Mr Robert Luke Capehert, Novus Ordo Seclorum, Politics, Weekly Politikos



By Robert Capehert

Senior advisor to the Romney campaign, Gabriel Schoenfeld came into the 2012 presidential election to win and instead walked away suffering an avoidable lost. For those interested Mr Schoenfeld is publishing his account of the campaign on the Romney side of the river exposing the campaigns well kept but implicit dysfunction.

Schoenfeld sums up the Romney approach nicely when he says,

Romney’s top strategists saw the campaign not as a battle for the hearts and minds of Americans, but as a massive marketing and advertising challenge. On November 6, 2012, consumers would be asked to choose between two products. The key task was creating a start-up company called Romney for President, Inc., that, using every available marketing technique, would do what was necessary to ensure that the Romney brand was better known, better liked, and a better seller.

The ad men running the campaign thus believed that politics consisted not of leadership by a candidate speaking difficult truths to the American people, but of carefully matching Mitt Romney’s positions to the preferences of voters as they were revealed in polls.

No-one need read much further to come away with some basic problems with such a strategy. The big one out of the gate is such a campaign leaves almost no room to challenge the premises of progressive ideas about the state — a must if one is win elections into the future and return America back to its classical liberal roots.

When it comes to being a product — Romney could never beat Obama. Obama was a historical candidate. The super-deluxe product packaged with its own hype and broader appeal simply by being the first black American ever to reach the presidency and subsequently go on to run for reelection.

Schoenfeld continues,

Scripting Romney from morning to night with words favored by focus groups, the strategists running the campaign transformed a man noted for geniality and earnestness into a “severe conservative” who radiated insincerity. Along the way, they created a candidate who, despite his firm convictions on many matters, appeared to the public to have no convictions. Unfortunately, all too often, Mitt Romney willingly helped them along.

I’m not sure I agree with Romney ever coming off as a “ severe conservative,” but the persona of insincerity plagued Romney’s presidential attempts from the get go, going back to what would have been a “trial run” in 2008 — the year which gave rise to the Obama presidency.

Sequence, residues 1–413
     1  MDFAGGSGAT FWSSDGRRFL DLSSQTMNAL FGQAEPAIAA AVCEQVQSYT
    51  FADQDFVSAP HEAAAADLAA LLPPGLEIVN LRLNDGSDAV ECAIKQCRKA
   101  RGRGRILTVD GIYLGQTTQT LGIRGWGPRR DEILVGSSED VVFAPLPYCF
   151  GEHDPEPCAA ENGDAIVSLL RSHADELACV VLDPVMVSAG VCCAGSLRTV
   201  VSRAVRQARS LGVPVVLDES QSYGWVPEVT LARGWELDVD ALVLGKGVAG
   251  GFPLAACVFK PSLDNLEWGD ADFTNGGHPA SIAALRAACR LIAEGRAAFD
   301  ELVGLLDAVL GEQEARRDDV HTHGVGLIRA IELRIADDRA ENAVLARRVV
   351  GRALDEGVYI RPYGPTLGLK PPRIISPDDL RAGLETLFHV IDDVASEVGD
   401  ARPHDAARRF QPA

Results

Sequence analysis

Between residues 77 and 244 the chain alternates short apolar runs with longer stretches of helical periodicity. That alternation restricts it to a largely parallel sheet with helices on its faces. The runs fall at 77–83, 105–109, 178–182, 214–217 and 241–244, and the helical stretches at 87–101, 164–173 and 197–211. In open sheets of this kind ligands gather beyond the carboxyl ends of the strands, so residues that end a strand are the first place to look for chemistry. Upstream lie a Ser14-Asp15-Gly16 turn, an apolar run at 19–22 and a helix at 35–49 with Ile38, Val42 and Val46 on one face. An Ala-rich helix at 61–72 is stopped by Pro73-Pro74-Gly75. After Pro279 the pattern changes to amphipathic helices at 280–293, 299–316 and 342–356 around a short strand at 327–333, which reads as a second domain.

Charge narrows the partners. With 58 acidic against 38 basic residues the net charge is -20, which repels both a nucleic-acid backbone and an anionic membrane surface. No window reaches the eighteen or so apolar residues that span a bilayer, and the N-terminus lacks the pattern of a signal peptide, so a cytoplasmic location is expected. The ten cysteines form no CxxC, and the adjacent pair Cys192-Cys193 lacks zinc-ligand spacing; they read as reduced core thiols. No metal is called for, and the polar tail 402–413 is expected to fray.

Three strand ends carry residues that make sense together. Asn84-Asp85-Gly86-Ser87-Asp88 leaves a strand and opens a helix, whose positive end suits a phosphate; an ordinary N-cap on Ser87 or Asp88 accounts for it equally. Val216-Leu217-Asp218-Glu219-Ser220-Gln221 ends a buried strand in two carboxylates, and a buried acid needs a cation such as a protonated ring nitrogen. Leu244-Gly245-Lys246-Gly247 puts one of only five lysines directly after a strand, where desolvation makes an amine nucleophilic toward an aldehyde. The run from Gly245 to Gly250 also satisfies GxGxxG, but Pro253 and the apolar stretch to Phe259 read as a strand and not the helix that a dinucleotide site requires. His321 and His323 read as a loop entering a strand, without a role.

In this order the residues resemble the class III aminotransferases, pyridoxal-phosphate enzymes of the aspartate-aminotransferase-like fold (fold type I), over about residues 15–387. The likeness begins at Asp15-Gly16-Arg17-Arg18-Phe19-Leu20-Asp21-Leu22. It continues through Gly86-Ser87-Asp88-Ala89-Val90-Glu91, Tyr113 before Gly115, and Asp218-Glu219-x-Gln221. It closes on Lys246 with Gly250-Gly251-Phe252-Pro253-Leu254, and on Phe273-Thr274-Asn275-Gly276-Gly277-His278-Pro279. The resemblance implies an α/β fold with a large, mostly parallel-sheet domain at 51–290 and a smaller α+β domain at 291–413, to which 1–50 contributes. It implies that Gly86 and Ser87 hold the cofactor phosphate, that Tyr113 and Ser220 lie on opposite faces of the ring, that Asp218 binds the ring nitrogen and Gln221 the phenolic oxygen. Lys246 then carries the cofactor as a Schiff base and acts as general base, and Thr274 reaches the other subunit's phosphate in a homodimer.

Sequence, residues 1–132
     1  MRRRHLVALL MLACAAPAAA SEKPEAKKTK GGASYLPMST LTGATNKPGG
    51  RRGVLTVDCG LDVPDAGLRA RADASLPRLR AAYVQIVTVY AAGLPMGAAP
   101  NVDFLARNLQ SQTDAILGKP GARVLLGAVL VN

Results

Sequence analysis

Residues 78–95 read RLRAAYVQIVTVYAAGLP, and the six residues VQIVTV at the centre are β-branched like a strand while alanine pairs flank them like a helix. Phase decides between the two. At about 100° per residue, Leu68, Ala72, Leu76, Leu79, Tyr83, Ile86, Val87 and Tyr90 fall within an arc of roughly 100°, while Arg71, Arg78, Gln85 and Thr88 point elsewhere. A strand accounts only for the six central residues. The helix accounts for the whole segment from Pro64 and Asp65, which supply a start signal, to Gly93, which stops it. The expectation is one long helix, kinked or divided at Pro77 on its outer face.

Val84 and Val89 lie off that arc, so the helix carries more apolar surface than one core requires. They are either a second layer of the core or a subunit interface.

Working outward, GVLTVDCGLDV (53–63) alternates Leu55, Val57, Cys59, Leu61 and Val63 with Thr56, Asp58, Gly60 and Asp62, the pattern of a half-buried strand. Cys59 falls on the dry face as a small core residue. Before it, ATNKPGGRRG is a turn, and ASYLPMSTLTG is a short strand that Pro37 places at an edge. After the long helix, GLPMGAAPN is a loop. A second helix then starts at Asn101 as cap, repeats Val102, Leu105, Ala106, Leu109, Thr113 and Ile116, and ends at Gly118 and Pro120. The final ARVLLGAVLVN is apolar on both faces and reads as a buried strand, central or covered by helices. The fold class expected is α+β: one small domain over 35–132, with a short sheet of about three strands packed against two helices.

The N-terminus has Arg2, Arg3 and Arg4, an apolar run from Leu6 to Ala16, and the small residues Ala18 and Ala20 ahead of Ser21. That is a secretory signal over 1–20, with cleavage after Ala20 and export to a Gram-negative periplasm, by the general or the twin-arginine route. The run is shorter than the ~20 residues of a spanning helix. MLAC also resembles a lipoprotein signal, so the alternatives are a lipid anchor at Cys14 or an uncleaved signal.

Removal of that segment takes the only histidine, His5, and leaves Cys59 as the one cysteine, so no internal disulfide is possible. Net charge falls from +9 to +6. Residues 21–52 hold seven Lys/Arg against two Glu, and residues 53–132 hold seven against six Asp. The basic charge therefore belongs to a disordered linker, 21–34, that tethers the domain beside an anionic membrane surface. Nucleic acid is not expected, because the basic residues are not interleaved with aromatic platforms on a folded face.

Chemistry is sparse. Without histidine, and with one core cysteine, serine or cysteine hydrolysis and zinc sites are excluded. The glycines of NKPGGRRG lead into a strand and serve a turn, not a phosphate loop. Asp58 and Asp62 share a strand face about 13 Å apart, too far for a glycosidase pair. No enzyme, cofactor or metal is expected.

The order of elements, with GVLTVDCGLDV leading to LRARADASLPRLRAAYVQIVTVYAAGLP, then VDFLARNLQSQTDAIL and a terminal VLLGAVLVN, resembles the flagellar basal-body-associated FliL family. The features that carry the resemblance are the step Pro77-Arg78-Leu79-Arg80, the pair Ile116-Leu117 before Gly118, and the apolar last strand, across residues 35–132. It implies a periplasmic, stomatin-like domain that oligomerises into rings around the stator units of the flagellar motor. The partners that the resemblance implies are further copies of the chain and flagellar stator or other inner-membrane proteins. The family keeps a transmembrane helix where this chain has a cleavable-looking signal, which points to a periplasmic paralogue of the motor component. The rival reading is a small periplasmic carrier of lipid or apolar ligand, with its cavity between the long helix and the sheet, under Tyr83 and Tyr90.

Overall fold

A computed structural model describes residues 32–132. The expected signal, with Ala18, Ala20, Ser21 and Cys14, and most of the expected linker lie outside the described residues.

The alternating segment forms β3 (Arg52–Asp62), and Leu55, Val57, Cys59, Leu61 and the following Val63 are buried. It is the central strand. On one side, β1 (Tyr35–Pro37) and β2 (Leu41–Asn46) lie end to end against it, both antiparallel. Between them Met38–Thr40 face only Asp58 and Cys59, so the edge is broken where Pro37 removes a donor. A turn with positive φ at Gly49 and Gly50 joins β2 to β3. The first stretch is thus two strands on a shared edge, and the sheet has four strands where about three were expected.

Even so, the 2012 election was as close at it could have been given the circumstances, based upon how bad Obama’s job performance happened to have been over four years. Schoenfeld is apt when he writes,

Both as a candidate and as a president, George W. Bush had his share of defects. But one of the reasons he twice won presidential elections is that he was exactly who he said he was. Voters could tell, and they liked that. Both as a man and as a governor, Mitt Romney had his share of virtues, and no doubt they would have been on display had he become president. But one of the reasons he lost twice is that he was often not who he said he was. Voters could tell that, too — the artificiality of his focus-group-chosen language was often striking — and they didn’t like it at all.

Couldn’t agree more. Bush was Bush. While that gathered more enemies than it needed to (because of the Bush administration’s unwillingness to defend its more unpopular policy decisions) — especially in the sump of the second term — Romney never pulled this off, nor in my humble opinion, could he.

It could be noted the last two-term Republican presidents were “comfortable in their own skin” type gents — Reagan and Bush. They had firm marketing behind them but it only worked because each man had lead in their boxing mitts.

Schoenfeld ends sincerely enough. Though Romney was no where near the libertarian chariot of fire Libertarian Monks applauds on the regular, Schoenfeld’s soon to be released memoir of that heartbreaking campaign and its result, “A Bad Day on The Romney Campaign: An Insider’s Account,” stirs the curiosity gene.

It should be stated that much of what ill the Romney campaign was the harbinger of bad tidings to the Democratic Party throughout the 1980s into the early 1990s. Focused group orientated language and campaigns, overly scripted, et al. Neither are the attributes of a candidate in firm possession of classical liberal persuasions that natural arise out of the experience of life and articulating those views privately across life’s great sweep of experience.


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